Brene Brown’s book, Daring Greatly, cuts to the heart of what I feel about this. The title is from a quote by Theodore Roosevelt, from his speech “Citizenship in a Republic.” It separates people into two camps, actors on stage, and the critics in the stands. He is less interested in the claims of the critics shouting from their seats, and wants to be in relationship with the actors in the middle of the arena, who are attempting to express their essence in some form. So, I hope that you as my audience can do some of your own great work while you read my words, looking inside, as well as at me, bringing some of your own daring quality to this space.
I can hear a critic saying, “I’m fine here in my seat at home. It isn’t courage that makes you want to be seen publicly, it is your extraversion, vanity, and insecurity that compels you to go out into the public seeking validation. You want people to like you and say good job.” To which I’d say, that is partially true, indeed. And I can relate to wanting to stay in safe quarters. I’ve done that most of my life.
At this point, I AM writing this blog primarily for myself and would love to hear how great you think I am. Even deeper, I know that I can only do so much on my own, in my journal, or in private behind closed doors (safe quarters). My journey of healing over the last five years has been a wonderful laboratory for many moments of public and private healing alike. In moving on from the story of my past, I have been most successful in moving grief and negative energy (shame and guilt) when I was able to be my most vulnerable, authentic, and honest self in front of other people. I am convinced the real secret ingredient was the role of “the witness.”
I don’t think we can be our own witness nearly as powerfully and completely as we can be for each other.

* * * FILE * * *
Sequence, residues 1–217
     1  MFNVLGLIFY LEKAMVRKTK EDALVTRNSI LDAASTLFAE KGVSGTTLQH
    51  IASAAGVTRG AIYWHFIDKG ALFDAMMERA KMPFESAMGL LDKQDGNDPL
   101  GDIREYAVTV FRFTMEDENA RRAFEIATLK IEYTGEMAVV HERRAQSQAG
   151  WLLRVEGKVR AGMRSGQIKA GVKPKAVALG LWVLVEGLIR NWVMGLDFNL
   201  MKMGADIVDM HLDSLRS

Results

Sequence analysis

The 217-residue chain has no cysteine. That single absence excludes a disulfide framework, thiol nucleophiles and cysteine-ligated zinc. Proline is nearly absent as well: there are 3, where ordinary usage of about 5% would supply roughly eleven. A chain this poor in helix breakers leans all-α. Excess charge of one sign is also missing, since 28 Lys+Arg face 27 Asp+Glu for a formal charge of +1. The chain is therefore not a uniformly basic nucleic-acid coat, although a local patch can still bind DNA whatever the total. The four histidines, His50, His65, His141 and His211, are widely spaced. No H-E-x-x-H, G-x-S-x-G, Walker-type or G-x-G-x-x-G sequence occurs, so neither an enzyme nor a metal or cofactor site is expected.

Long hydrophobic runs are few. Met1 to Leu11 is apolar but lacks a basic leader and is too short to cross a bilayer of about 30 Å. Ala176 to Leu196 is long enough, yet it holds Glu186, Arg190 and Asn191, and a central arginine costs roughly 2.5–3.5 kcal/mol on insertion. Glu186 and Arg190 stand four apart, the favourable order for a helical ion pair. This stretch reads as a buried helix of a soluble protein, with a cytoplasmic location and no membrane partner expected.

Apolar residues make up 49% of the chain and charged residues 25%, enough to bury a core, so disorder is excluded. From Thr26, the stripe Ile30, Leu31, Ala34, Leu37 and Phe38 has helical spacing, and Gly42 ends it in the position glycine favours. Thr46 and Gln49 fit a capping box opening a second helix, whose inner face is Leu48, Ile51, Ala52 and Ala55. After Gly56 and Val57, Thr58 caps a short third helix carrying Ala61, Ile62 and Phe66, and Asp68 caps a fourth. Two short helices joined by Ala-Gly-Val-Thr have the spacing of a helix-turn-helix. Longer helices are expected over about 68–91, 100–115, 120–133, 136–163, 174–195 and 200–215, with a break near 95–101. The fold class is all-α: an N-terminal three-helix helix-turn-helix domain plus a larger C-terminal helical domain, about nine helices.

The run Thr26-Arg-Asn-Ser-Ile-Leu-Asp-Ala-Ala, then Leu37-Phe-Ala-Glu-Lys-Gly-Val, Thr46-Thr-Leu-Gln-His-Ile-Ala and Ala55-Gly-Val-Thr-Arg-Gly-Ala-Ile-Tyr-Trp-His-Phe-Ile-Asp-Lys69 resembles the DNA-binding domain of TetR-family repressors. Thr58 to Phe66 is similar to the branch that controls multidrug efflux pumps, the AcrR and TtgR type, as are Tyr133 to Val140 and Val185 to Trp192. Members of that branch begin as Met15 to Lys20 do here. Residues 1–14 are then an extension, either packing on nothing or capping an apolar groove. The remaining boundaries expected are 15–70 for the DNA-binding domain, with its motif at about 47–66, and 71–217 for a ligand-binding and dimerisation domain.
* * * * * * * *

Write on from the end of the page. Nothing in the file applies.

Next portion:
A Slight aside:
Not to veer too far into pop-physics, but physicists are finding that the role of the observer is apparent at microscopic and quantum levels, as well as, the interpersonal level. Tiny particles begin to behave differently as soon as they are observed. Check out this link! The “double slit experiment” first brought this phenomenon to light (pun intended) in the realm of science.
I think of the same phenomenon happening to me and in any setting where someone is being observed. Whether it be on stage, in therapy, at the wailing wall, or in any public space, there is a powerful opportunity for change to occur merely by being seen and heard (I understand that change isn’t always smooth or positive, and that being seen can induce criticism, shame, and hiding. Therefore creating safe spaces, where critical judgment is miraculously trumped by positive regard, for people to choose to be seen, is essential).
Naturally, a mind trained heavily in science will balk at the mention of a connection between the observer at a microscopic, quantum level and the witness at an interpersonal level. I also know science has a long history of whoop’s and mea culpa’s, literally damning people for wild ideas that were proven accurate in time (Galileo and Copernicus to name a few). The arts and sciences are all continuously replacing paradigms with “truths” that were at one point considered far-fetched or outright denied as insane (like a round earth) or “of the devil” (the heliocentric solar system). I wonder how and where this is happening presently?
So, why is it ridiculous to think this pattern won’t continue to play out, and at the end of time, we see that the age of science and reason took us on a huge detour to return to truths contained at the heart of ancient folklore and spiritual wisdom?
Unlike Kurt Cobain’s journal, I understand I am volunteering this work to be seen. I do so because I believe in the power fo community healing and “witnessing” as central to this process. I understand there is no magic forcefield of golden light that will keep judgment away. I welcome feedback in all forms. I just hope it is honest, brave, constructive, and grounded in your own experience. When it isn’t, that speaks for itself.